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I wrote something like this today (not unlike the mpl_connect documentation:

class Foo(object):
    def __init__(self): print 'init Foo', self
    def __del__(self): print 'del Foo', self
    def callback(self, event=None): print 'Foo.callback', self, event

from pylab import *
fig = figure()
cid = fig.canvas.mpl_connect('button_press_event', Foo().callback)

This looks reasonable, but it doesn't work -- it's as though matplotlib loses track of the function I've given it. If instead of passing it Foo().callback I pass it lambda e: Foo().callback(e), it works. Similarly if I say x = Foo() and then pass it x.callback, it works.

My presumption is that the unnamed Foo instance created by Foo() is immediately destroyed after the mpl_connect line -- that matplotlib having the Foo.callback reference doesn't keep the Foo alive. Is that correct?

In the non-toy code I encountered this in, the solution of x = Foo() didn't work, presumably because in that case show() was elsewhere so x had gone out of scope.

More generally, Foo().callback is a <bound method Foo.callback of <__main__.Foo object at 0x03B37890>>. My primary surprise is that it seems like a bound method isn't actually keeping a reference to the object. Is that correct?

share|improve this question
Does 'del Foo' ever get printed? – Tim Peters Oct 24 '13 at 3:18
up vote 4 down vote accepted

Yes, a bound method references the object - the object is the value of a bound method object's .im_self attribute.

So I'm wondering whether matplotlib's mpl_connect() is remembering to increment the reference counts on the arguments passed to it. If not (and this is a common error), then there's nothing to keep the anonymous Foo().callback alive when mpl_connect() returns.

If you have easy access to the source code, take a look at the mpl_connect() implementation? You want to see C code doing Py_INCREF() ;-)

EDIT This looks relevant, from docs here:

The canvas retains only weak references to the callbacks. Therefore if a callback is a method of a class instance, you need to retain a reference to that instance. Otherwise the instance will be garbage- collected and the callback will vanish.

So it's your fault - LOL ;-)

share|improve this answer
mpl_connect of FigureCanvasBase use weakref.WeakKeyDictionary and weakref.ref. Related source code – falsetru Oct 24 '13 at 3:36
@falsetru, yup, just edited to show that the docs even say so. – Tim Peters Oct 24 '13 at 3:36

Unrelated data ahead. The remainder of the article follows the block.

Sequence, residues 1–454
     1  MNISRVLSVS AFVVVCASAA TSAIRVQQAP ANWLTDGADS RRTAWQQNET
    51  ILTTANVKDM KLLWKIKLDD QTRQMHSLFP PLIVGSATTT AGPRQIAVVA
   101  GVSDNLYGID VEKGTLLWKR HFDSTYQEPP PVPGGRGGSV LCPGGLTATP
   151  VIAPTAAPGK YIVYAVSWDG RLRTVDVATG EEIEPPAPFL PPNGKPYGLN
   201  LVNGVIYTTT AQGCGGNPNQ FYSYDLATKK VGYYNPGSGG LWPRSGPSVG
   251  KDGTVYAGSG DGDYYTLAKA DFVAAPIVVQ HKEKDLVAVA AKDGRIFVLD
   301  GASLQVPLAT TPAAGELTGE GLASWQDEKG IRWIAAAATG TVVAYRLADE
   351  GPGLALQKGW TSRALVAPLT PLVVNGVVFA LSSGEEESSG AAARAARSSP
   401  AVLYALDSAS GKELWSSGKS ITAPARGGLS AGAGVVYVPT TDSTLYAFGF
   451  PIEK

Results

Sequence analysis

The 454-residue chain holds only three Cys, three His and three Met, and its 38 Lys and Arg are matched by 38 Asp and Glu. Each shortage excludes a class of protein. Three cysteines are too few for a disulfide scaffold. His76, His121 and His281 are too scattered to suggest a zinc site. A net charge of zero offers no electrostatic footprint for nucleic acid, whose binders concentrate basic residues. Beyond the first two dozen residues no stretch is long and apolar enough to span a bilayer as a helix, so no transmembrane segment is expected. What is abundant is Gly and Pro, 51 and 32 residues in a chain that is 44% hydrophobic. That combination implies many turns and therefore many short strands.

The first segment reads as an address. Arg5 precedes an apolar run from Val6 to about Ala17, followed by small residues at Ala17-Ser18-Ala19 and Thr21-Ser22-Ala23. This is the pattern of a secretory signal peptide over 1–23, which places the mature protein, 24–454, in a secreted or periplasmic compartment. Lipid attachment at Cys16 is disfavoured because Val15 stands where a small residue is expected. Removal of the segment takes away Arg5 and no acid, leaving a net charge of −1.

Thanks. You are right. I jumped to the examples they give, but when the call to show is out of scope, no dice. – Ben Oct 24 '13 at 4:14
I do wonder why they made that design decision. I can't think when that would be preferable behavior to holding a strong reference. – Ben Oct 24 '13 at 4:15

Here's the justification from matplotlib.cbook.CallbackRegistry.__doc__:

In practice, one should always disconnect all callbacks when they are no longer needed to avoid dangling references (and thus memory leaks). However, real code in matplotlib rarely does so, and due to its design, it is rather difficult to place this kind of code. To get around this, and prevent this class of memory leaks, we instead store weak references to bound methods only, so when the destination object needs to die, the CallbackRegistry won't keep it alive. The Python stdlib weakref module can not create weak references to bound methods directly, so we need to create a proxy object to handle weak references to bound methods (or regular free functions). This technique was shared by Peter Parente on his "Mindtrove" blog <>_.

It's a shame there isn't an official way to bypass this behavior.

Here's a kludge to get around it, which is dirty but may be OK for non-production test/diagnostic code: attach the Foo the the figure:

fig._dont_forget_this = Foo()
cid = fig.canvas.mpl_connect('button_press_event', fig._dont_forget_this.callback)

This still leaves the question of why lambda e: Foo().callback(e) works. It obviously makes a new Foo at every call, but why doesn't the lambda get garbage collected? Is the fact that it works just a case of undefined behavior?

share|improve this answer
You'd think at very least mpl_connect could have a strongref argument so you could say fig.canvas.mpl_connect('button_press_event', strongref=Foo().callback) – Ben Nov 15 '13 at 2:29

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